Small businesses are the heart and soul of the economy in Bucks County and throughout the rest of the country. According to the Small Business Administration, approximately 90 percent of all of the businesses in the U.S. are family owned and run. Running a small family business comes with several advantages, like more convenience, flexibility and lower employment costs. However, things can quickly get complicated when the owners of the business decide to separate and divorce.
It all starts with the prenuptial agreement
Before a couple even says "I do," they should already be planning for their financial future with a prenuptial agreement. This document acts as an insurance policy in case divorce ever becomes part of the equation. One of the mistakes that small business owners often make is not drafting this important document until it's too late since they previously believed that divorce would never become an option. However, according to Forbes, over 50 percent of married couples in the U.S. eventually divorce so obtaining a prenuptial agreement should be a priority for all married couples, and those that own a business together in particular.
This agreement should be in writing, provide a full disclosure of the business' assets and liabilities, be executed by both parties and without coercion from one side and documented in a recordable format.
Making it work after the divorce is finalized
Just because a marriage is ending doesn't mean that the business has to go down along with it. Divorced couples can still stay in business together and be successful if:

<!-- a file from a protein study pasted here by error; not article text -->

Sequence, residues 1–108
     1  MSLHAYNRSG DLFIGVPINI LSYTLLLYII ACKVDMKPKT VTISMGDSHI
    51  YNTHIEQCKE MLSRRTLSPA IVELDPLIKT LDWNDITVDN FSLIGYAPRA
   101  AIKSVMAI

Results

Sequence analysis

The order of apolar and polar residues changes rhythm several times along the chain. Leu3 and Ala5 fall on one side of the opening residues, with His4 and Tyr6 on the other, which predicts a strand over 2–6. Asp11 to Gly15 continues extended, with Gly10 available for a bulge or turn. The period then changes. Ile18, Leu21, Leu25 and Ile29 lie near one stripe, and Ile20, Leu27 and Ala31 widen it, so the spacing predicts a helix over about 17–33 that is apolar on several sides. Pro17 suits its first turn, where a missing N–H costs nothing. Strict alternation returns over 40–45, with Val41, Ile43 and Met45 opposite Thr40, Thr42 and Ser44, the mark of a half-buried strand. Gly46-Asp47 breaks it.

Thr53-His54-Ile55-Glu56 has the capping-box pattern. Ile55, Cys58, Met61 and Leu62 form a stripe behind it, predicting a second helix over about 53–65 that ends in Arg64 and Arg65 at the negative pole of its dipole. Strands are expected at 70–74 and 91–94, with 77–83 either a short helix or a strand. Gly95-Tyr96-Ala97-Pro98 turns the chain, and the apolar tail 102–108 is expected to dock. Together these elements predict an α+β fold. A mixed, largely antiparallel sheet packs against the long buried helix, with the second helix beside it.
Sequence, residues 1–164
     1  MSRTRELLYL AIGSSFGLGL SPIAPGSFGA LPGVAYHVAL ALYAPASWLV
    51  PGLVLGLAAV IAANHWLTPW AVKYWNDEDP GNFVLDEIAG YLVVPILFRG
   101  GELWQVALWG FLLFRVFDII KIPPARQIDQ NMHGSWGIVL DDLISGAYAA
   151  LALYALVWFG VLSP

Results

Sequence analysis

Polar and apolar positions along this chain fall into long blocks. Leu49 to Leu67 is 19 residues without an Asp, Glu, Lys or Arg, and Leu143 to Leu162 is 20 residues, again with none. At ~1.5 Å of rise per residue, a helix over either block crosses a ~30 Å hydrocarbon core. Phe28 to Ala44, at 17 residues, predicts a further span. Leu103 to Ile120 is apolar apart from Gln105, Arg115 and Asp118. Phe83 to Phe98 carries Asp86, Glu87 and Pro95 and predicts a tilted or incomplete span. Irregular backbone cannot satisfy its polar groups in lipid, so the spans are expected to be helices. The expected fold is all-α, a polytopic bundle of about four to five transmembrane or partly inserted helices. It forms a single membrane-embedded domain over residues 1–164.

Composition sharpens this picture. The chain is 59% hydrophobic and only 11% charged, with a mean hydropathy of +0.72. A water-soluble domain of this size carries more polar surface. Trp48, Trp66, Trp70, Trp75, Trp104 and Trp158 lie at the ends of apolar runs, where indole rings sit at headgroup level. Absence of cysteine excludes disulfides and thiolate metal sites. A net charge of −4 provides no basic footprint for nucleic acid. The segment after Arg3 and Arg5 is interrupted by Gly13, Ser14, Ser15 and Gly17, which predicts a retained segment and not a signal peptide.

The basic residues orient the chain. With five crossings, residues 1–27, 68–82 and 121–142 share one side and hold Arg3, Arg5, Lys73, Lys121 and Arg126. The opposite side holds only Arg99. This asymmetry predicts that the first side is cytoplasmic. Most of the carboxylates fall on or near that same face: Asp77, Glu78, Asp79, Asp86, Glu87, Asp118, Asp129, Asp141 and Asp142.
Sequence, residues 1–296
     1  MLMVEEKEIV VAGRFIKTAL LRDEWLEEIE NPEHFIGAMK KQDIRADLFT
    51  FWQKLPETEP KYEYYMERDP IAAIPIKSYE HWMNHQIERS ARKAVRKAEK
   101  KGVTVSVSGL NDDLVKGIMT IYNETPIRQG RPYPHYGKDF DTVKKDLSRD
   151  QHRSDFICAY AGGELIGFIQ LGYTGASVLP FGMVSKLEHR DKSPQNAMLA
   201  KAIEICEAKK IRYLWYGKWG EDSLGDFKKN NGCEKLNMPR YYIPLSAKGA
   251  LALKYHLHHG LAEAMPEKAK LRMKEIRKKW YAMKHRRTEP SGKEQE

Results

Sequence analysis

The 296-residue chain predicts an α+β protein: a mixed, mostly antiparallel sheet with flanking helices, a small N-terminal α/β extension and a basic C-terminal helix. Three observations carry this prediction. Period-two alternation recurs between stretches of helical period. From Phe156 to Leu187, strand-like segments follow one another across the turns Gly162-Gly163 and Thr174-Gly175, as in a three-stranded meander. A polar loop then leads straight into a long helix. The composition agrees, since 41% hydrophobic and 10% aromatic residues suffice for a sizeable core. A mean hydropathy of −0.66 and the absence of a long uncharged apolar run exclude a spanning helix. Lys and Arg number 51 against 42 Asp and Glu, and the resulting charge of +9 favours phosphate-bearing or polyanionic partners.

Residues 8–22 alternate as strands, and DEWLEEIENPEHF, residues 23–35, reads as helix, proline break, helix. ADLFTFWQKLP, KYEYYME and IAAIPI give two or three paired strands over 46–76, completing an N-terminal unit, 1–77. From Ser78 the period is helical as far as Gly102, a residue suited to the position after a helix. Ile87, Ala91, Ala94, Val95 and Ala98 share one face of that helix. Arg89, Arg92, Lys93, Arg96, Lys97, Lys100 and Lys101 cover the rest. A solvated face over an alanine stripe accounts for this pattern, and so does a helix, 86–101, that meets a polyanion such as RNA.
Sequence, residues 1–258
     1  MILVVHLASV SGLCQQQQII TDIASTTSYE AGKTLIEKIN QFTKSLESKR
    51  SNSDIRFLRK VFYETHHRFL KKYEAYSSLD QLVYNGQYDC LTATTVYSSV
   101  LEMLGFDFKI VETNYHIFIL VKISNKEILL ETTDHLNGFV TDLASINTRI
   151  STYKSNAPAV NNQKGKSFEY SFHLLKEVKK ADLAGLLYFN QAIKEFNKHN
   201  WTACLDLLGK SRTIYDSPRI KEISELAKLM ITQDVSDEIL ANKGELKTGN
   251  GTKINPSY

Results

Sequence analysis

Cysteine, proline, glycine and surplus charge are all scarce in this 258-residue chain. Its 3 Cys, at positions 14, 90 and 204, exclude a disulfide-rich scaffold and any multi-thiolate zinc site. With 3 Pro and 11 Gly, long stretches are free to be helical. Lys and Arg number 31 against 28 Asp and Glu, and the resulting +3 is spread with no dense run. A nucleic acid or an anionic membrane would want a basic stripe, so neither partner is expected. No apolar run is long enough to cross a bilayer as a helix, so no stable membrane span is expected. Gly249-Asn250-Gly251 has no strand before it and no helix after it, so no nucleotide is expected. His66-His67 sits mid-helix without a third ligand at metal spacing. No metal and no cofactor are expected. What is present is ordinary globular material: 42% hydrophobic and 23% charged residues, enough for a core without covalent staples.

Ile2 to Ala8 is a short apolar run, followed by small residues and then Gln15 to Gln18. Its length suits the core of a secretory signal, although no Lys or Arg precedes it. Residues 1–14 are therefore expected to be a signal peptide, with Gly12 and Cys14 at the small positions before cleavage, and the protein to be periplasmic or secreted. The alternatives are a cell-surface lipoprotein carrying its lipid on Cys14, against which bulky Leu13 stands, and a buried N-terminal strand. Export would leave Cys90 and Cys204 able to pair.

- They are rational and consider compromise.
- They hire an independent business appraiser as part of the divorce proceedings.
- They consider how their roles will shift in the workplace after they are divorced.
- The business stays relatively the same and doesn't undergo any big changes until after the divorce is finalized.
Although it can be a daunting task to split with a partner and still maintain a business, it can be done with a little work and a lot of communication. For example, according to Businessweek, a divorced couple that owns a bakery in the Boston area worth $2.5 million has been in business together for over 35 years. The couple, who were married briefly from 1979 to 1981, found that although their marriage didn't work they were able to keep their business going out of admiration for the each other's business skills.
If you and your spouse are considering divorce and are concerned about the future of your family business, contact an attorney in your area that can work through these concerns and ensure that you and your spouse are able to transition smoothly from being marital partners to business partners. You should also realize that a business has value and a competent attorney can assist in ensuring that both partners get value for the efforts they contributed to the business and find ways to separate while preserving the business.